I’ll also review: Jean Grey #6, by Dennis Hopeless, Paul Davidson; X-Men Blue #10, by Cullen Bunn, Julian Lopez.

So that’s 7 comics I’m picking up, and 2 additional reviews. A pretty good week. Side note: Has Marvel just stopped putting out previews? This is two weeks in a row where I couldn’t find previews. Which means I also can’t find the full creative teams – the solicits only list writer and line artist, I guess because everyone else involved just doesn’t matter. Diamond doesn’t care about them, and the publishers don’t care enough to push Diamond on it.

Anyway! Why I’m getting the books. America, for all its problems, still entertains me enough to keep me supporting it. Plus, Kelly Thompson’s still helping with Kate on this issue, yay. Animosity is scary, heart-breaking, and heart-warming, and just damned good comics. Black Panther’s been very smart, and Storm in the current arc is great, as Coates clearly has a lot of love for her. The Crew’s been some solid character explorations, and the team all coming together should make for a cool finale. Hawkeye’s been great fun, and I figure this Generations issue will be more of that, with a classic Clint for good measure. Captain Marvel’s another book that’s not as good as it should be, but which I’m still buying because I see potential there. And Moon Girl is Moon Girl.

Over on the CBR boards, I spent, like, a week debating with some people about the value of fat representation in superhero comics. Traditionally, superhero comics have treated obesity as either a joke or a sign of moral failure (or both). In either case, the message is that there’s something wrong with fat people, something that makes them worthy of scorn. And I think that’s bullshit, and that fat people deserve positive representation, too. But one thing I kept bringing up during the discussion – and something that gets forgotten in any discussion of diversity in fiction – is that it’s not just good for the people who get more representation. There is actually a very important reason to improve diversity both on the page and among creators: To get new stories. New perspectives, new experiences, new angles. Superhero comics have an unfortunate history with a limited number of body types. For men, you’ve got Spider-Man, Captain America, and the Hulk – lean but muscular, muscular, hyper-muscular. Women just get one body type, for the most part. And that shit is boring. We should be demanding more diverse body types just for the sake of making things more interesting. We should be demanding more everything for the sake of making things more interesting.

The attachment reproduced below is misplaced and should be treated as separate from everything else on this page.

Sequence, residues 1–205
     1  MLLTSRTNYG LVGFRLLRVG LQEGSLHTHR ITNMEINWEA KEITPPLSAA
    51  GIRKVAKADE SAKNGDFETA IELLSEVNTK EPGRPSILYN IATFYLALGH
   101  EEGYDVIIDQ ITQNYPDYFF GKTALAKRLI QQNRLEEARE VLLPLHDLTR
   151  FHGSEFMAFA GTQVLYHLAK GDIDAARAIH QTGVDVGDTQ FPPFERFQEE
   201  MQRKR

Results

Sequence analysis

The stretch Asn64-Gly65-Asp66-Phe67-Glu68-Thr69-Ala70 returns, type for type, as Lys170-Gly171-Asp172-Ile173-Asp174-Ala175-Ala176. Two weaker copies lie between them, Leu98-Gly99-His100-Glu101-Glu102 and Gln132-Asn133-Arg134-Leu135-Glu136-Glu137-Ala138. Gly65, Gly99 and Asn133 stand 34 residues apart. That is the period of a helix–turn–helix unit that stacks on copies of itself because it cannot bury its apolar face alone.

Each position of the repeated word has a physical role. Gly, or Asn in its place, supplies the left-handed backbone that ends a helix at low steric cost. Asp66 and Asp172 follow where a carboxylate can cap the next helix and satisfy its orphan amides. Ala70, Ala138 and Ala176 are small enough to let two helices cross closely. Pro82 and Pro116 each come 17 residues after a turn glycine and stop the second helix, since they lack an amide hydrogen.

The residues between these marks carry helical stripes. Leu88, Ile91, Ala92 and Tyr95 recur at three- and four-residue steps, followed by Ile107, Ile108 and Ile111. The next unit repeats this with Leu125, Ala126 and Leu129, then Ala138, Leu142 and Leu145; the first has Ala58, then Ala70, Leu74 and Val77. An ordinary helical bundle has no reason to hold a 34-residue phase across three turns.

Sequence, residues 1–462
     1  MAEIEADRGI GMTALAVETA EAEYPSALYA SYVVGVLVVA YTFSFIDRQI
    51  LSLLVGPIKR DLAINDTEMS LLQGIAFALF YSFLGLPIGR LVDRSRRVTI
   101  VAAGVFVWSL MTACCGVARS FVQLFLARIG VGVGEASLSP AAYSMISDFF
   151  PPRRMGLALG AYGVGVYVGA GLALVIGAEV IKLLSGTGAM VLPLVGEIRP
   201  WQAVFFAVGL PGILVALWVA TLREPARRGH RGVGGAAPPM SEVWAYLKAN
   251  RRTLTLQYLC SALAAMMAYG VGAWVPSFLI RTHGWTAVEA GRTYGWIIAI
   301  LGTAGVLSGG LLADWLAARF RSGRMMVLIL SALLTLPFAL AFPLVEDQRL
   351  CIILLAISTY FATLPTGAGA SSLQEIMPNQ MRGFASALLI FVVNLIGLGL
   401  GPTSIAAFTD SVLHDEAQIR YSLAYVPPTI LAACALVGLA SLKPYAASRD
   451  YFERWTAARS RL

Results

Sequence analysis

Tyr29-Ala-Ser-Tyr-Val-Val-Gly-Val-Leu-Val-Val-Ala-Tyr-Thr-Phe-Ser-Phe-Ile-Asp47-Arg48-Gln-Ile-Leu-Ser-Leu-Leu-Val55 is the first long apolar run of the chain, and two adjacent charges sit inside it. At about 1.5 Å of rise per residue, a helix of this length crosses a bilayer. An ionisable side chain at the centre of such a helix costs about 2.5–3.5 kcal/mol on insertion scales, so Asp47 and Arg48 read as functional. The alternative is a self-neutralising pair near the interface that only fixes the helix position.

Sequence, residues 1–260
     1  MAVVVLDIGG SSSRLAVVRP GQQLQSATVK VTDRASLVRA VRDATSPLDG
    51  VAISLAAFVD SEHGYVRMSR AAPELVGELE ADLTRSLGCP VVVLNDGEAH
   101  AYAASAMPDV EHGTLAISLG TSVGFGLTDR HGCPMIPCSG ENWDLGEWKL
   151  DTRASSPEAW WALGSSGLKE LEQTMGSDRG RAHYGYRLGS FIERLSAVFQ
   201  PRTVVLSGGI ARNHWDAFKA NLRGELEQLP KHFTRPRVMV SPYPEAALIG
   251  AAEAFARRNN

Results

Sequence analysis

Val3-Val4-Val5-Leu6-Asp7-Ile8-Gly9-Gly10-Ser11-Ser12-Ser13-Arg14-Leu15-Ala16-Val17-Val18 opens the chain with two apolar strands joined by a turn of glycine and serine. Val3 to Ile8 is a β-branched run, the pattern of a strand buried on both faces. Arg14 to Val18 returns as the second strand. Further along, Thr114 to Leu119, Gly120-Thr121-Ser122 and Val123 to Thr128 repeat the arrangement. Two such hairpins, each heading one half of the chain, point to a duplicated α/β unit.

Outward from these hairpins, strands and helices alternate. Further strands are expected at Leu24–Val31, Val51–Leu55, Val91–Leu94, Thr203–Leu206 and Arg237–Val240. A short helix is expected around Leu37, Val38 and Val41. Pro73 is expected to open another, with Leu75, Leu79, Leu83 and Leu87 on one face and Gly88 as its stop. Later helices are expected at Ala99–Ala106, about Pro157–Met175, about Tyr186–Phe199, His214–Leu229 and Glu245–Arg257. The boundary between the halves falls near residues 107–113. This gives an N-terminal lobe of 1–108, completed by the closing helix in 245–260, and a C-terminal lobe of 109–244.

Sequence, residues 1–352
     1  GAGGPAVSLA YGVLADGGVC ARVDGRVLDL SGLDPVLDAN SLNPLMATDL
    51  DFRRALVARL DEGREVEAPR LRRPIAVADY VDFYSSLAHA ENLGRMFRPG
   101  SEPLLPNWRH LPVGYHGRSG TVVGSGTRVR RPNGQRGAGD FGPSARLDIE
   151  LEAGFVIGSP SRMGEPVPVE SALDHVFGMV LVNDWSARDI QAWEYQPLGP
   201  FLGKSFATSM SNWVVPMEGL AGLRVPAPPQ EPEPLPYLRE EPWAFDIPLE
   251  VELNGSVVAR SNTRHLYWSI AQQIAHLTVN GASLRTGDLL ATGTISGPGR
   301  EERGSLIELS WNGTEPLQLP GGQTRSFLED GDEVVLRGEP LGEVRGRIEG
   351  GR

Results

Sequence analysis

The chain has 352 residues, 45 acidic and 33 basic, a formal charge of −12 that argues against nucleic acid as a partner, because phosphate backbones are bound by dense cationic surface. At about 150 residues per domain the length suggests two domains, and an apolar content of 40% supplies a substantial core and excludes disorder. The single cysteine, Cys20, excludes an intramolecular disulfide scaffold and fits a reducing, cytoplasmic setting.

So for this week, my shifts are all 1:30-11. Which is a long shift, though at least I’m getting to sleep in more. There’s no wifi at the call centre, and I don’t have a data plan, so I can’t go on Twitter or whatever on my breaks. On the plus side, it means I’ve actually been getting more reading done. I’ve pretty much dropped off of Goodreads – I just lost interest in it – so I haven’t been reviewing any of the stuff I’m reading. Which makes me feel a bit bad, as I figure I should make some effort to promote all this stuff, but meh, I’m lazy. Sorry. I also randomly realized yesterday that, in the past month, I haven’t gotten any of the standard dumb jokes that customers always have. Like, when I ask if there’s anything else, no one’s said, “the winning lottery numbers,” or anything like that. I’m relieved. I hate those kinds of jokes. You know, the ones that everyone’s heard a few million times, and which stupid people don’t realize aren’t funny, they’re just annoying.

With these 11:00 shifts, though, I’m wondering if I should shift my weekly reviews a bit, maybe go back to just doing the X-Men comics each week. It’d be a lot quicker. I could easily knock those out before bed, given how few there are. Something to think about, I suppose.

I still haven’t started in on Defenders yet. I actually want to get caught up on My Little Pony first. I fell a few episodes behind. I think I’m two episodes behind right now.

And I guess that’s all I have for this week.